Lenders and servicers are well aware, to their dismay, that desperate borrowers – certainly those bent on delaying foreclosure cases for as long as possible or have the idea that they somehow shouldn’t pay the money borrowed – call upon a wide array of tactics and assertions. One of these worthy of attention is revealed in a recent case. [JPMorgan Chase Bank, N.A. v. Corrado, 162 A.D.3d 994, 80 N.Y.S.3d 366 (2d Dept. 2018)]. There, in defending a foreclosure founded upon non-payment, in addition to denying everything, the borrower interposed a counterclaim seeking punitive damages against the lender for supposed breach of the mortgage contract.
In dismissing this counterclaim, the court cited the requirements for such an assertion to be effective and those are worthy of note. They readily explain why a counterclaim of this nature will almost invariably fail and it will be meaningful for lenders to oppose them knowing the underpinning for that opposition.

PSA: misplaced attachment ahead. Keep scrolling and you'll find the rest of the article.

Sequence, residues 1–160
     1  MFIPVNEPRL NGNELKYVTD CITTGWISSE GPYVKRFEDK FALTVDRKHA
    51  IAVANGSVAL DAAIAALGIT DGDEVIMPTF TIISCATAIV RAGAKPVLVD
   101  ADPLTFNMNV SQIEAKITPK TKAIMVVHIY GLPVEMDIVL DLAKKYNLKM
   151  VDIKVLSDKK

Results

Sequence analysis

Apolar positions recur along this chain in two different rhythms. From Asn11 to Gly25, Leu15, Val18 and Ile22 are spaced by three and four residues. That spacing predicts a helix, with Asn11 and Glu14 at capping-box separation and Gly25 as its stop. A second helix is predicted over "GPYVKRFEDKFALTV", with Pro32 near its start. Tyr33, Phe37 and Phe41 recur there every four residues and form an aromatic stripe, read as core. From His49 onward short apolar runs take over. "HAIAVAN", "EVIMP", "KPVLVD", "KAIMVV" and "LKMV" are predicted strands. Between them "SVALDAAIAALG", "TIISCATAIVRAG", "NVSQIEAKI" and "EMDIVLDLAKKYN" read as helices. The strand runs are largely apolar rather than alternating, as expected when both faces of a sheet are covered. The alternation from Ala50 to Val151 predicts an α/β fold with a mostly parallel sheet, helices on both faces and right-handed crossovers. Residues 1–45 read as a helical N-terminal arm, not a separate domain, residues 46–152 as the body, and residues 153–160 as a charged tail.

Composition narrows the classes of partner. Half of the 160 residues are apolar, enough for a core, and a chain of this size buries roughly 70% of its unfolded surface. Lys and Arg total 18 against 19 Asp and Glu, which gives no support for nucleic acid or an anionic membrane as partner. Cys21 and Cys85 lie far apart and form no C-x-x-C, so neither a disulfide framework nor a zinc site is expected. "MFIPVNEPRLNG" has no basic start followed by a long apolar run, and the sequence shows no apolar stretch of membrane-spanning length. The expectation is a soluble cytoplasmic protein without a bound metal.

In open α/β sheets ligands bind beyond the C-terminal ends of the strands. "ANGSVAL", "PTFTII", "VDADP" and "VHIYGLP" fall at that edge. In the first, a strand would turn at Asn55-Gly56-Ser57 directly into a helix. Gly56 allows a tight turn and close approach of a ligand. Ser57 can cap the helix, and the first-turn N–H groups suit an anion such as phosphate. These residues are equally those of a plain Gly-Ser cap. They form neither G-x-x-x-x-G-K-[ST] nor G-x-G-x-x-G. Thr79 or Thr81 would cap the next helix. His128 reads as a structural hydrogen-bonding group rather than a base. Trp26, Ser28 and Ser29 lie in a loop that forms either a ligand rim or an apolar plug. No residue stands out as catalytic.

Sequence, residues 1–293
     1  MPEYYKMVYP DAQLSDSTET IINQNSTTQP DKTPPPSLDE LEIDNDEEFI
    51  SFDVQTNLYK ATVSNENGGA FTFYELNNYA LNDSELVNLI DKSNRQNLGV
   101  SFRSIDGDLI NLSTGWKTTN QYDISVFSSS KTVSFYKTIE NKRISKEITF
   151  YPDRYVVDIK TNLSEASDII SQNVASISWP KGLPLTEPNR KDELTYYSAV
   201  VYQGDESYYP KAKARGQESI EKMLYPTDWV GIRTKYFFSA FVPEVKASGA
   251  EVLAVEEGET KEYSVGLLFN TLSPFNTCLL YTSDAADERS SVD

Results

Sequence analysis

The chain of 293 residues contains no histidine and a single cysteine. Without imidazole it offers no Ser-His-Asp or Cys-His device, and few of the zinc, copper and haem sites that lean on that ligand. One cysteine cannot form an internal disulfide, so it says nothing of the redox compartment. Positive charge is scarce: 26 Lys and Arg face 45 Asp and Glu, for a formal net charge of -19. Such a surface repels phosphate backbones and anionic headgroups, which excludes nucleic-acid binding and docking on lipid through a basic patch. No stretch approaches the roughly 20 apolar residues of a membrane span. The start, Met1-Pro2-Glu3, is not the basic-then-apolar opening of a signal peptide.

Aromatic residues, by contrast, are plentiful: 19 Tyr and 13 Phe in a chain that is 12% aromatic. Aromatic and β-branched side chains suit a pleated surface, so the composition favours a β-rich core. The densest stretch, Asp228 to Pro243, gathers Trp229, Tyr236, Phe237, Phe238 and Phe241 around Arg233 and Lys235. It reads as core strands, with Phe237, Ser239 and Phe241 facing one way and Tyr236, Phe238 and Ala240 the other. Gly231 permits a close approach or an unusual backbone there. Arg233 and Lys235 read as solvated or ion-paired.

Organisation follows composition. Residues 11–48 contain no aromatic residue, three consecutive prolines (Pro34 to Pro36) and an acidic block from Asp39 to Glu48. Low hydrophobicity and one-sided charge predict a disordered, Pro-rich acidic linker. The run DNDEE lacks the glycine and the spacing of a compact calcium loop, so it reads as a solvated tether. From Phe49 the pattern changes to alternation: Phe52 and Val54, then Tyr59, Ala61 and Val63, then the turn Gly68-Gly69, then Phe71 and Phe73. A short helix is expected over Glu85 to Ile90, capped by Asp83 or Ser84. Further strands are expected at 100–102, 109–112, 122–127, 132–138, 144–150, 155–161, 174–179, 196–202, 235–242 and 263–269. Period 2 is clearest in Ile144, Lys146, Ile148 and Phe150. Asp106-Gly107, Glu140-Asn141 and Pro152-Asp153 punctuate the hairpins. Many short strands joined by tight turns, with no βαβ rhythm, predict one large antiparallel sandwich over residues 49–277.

A party pursuing punitive damages based on a breach of contract claim must, to be successful, show:
As it was in this case, it would be a heavy burden indeed for a borrower to present support for each leg of this construct. The counterclaim was dismissed and this exploration suggests why such borrower claims would be likely to fail in the future.
Mr. Bergman, author of the four-volume treatise, Bergman on New York Mortgage Foreclosures, LexisNexis Matthew Bender (rev. 2018), is a partner with Berkman, Henoch, Peterson, Peddy & Fenchel, P.C. in Garden City, New York. He is also a member of the USFN, The American College of Real Estate Lawyers, The American College of Mortgage Attorneys, an adviser to the New York Times on foreclosure issues and writes a regular servicing column for the New York Law Journal. He is AV rated by Martindale-Hubbell, his biography appears in Who’s Who In American Law and he has been for years listed in Best Lawyers In America and New York Super Lawyers.